FARMING IS A long-term investment. Many of us live and work on the same land that was tended by multiple generations before us. It makes agriculture a unique business. The decisions we make to buy new equipment, invest in new technologies, focus on soil health, and how we market our crops all have an impact on the viability of our farms and how well we can weather challenges year after year.
As 2020 draws to a close, I’m struck by the fact that some things in agriculture don’t change — even during a pandemic. COVID-19 is certainly creating major challenges, but I am heartened by the long-term vision of our farmers and our partners. There is an understanding that the decisions we make now, the investments we make now, will benefit us in the future.
A number of investments were announced this fall which showcase this commitment:
The University of Guelph Ridgetown Campus is building a new Field Crop Services Building. The Ontario Ministry of Agriculture, Food and Rural Affairs invested $6.5 million into this project, in recognition of the importance and the need for applied research.
Greenfield Global is investing a total of $75 million at their facility in Johnstown, Ontario to produce the corn-based, medical-grade alcohol needed to make hand sanitizers. The Ontario government is investing $2.5 million in support of this project.
Glacier FarmMedia, with the support of the provincial government, announced plans to establish Discovery Farm Woodstock — a centre for sustainability and soil health education. We are excited by the opportunity this presents to further our efforts to educate the non-farming public about grain farming and build public trust.
It’s difficult to get the attention of politicians at the best of times, and the response to the COVID-19 pandemic has been their primary focus. However, that doesn’t mean that long-term needs can be ignored. We have been vocal about the need to get proposed regulations right, such as the Clean Fuel Standard. We continue our efforts to improve Business Risk Management programs, with a focus on AgriStability, and we have engaged in strong national partnerships to ensure our message is reaching the right people.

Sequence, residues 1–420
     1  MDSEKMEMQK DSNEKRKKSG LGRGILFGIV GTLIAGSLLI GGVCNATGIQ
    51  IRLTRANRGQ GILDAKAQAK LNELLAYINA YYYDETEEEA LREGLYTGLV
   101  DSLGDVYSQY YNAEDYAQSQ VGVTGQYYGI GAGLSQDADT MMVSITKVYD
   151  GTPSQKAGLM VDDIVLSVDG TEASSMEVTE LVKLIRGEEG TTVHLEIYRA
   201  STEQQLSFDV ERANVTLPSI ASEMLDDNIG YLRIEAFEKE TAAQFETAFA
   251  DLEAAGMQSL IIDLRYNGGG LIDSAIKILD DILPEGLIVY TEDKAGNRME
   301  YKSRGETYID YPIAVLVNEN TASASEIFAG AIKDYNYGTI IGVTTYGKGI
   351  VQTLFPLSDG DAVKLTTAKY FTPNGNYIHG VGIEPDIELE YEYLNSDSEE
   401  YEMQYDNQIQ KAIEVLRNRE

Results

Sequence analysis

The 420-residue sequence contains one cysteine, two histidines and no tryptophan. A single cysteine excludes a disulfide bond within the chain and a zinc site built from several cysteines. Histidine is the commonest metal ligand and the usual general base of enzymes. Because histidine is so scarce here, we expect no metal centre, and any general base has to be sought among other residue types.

Our efforts have not gone unnoticed. The Hill Times, a newspaper focused on federal politics, ranked the Top 50 agricultural influencers in Ottawa, and Grain Farmers of Ontario was ranked number 10. This is significant recognition for us as a provincial organization, it underscores the work we do and the connections we have made with our federal politicians, and it turns our vision to be a global leader into a reality.
As an organization, Grain Farmers of Ontario is in the process of finalizing our own updated strategic plan which will guide our investments and focus our resources over the next five years. This plan sets important goals for research, market development, government relations, and communications — at the core of which is support for our farmer-members. Investing in a long-term vision helps to smooth out bumps in the road so that we can get where we want to go.
I invite all of you to attend your local January District Meeting to hear more about our plans for the future. We are going virtual this year — find out more in this issue of the Ontario Grain Farmer and online at www.gfo.ca. •